The BBC reports that in Denmark, the government has taken the bold step of allowing pupils full access to the internet during their final school year exams.

A total of 14 colleges in Denmark are piloting the new system of exams and all schools in the country have been invited to join the scheme by 2011.

Denmark is a country which has traditionally embraced modern technology. For over a decade pupils have been able to type up their exam answers on computers.

The Danish government says if the internet is so much a part of daily life, it should be included in the classroom and in examinations.

Here in Scotland we are playing catch up, as so often, with the Nordic countries with a tentative roll out of the Adapted Digital Question Papers provided by the SQA on CD-Rom. These  allow candidates to:

  • insert answers directly on to the question/answer paper on screen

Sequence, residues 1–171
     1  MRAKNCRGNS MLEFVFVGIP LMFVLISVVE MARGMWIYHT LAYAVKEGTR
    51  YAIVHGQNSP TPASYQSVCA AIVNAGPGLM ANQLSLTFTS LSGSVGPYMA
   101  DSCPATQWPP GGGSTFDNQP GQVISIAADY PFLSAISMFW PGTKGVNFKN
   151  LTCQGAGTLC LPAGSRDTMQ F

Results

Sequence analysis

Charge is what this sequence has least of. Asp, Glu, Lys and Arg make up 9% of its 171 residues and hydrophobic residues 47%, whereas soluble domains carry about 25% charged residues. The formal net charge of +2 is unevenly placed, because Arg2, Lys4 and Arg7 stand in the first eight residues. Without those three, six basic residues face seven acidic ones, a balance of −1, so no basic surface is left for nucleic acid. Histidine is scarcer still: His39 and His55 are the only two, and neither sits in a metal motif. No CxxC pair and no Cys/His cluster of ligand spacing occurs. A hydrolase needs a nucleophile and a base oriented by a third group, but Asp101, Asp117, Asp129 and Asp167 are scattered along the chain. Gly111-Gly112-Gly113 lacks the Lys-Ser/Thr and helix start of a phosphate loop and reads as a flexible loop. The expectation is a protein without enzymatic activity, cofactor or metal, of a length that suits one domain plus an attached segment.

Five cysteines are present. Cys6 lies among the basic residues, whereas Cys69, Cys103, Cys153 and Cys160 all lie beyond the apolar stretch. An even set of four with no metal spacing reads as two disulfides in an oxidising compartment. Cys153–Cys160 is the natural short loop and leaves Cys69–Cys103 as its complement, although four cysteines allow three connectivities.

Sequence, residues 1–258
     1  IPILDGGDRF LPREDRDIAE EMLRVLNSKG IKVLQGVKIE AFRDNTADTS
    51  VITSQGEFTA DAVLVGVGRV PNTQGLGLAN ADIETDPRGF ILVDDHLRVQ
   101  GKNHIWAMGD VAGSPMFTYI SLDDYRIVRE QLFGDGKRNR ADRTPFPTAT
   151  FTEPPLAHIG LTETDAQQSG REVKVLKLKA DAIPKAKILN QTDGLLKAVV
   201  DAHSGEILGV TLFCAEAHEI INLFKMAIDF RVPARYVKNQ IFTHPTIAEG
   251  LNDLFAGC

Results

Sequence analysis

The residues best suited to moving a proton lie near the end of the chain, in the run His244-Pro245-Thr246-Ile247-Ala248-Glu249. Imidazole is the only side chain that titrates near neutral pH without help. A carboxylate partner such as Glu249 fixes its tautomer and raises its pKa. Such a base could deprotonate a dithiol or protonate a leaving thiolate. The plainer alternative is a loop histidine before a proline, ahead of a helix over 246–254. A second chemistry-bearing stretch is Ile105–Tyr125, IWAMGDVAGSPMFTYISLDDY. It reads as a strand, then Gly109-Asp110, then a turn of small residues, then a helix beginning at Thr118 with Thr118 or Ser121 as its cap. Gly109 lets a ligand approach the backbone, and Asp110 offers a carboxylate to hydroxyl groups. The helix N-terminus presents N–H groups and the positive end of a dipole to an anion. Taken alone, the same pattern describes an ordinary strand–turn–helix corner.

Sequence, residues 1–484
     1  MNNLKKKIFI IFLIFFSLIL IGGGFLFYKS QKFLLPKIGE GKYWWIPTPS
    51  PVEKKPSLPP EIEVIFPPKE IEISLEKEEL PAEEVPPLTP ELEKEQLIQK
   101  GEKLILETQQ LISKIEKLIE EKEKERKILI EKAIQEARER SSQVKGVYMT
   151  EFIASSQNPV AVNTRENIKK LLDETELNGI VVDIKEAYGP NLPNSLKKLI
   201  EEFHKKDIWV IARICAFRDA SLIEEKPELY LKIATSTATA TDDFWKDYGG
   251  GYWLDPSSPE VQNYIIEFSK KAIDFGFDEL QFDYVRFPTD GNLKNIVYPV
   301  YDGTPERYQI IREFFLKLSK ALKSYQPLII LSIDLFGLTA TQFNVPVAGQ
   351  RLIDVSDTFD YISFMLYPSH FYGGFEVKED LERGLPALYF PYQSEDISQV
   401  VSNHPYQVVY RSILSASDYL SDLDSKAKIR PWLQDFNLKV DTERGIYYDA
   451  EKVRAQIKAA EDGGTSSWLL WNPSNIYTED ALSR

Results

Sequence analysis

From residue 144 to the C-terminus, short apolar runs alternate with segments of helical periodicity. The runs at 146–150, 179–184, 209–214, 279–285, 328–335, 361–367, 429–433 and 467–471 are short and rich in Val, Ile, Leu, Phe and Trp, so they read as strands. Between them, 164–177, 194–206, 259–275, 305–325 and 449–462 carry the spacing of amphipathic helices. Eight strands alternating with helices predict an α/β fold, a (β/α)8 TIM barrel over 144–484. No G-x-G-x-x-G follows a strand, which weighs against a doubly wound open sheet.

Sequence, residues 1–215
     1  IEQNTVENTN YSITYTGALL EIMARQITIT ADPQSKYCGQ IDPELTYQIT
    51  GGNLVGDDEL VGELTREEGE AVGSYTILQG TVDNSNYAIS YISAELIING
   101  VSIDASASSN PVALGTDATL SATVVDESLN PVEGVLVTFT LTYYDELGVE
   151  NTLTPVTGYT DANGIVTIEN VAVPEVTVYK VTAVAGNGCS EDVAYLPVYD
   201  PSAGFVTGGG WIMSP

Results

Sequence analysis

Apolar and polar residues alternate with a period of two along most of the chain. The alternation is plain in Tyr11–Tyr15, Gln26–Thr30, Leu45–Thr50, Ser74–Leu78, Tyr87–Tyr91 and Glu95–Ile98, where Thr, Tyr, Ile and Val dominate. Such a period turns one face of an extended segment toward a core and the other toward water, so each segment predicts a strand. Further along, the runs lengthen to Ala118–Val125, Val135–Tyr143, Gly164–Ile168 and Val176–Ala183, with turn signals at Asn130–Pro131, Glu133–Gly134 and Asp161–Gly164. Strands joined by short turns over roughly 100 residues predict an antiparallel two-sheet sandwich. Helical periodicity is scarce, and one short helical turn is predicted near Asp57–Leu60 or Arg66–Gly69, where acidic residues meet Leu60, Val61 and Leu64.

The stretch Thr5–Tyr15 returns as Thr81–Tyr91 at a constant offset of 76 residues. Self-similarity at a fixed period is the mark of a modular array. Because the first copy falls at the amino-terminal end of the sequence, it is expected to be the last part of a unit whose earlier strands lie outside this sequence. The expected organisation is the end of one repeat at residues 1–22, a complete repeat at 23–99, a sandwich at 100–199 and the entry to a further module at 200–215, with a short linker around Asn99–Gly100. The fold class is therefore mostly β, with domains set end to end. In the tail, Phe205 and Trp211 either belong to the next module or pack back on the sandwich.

• use speech technology to have text read out

The SQA says, Candidates with difficulty accessing a standard exam paper, as a result of visual, physical, reading or writing difficulty, dyslexia or other learning difficulties may benefit from the use of Adapted Digital Question Papers. These candidates are most likely to have formerly required readers, scribes and transcription.

 Adapted Digital Answer Papers were developed by CALL Scotland and successfully piloted in the 2006 & 2007 SQA exam diet. In evaluations, candidates reported feeling more independent, confident and motivated.

While this is a very welcome move to enable access to people with literacy difficulties, it still perpetuates the factory system of examining students at a set time, in a set place, about information delivered to them didactically.

Formative assessment it ain’t. exam hall

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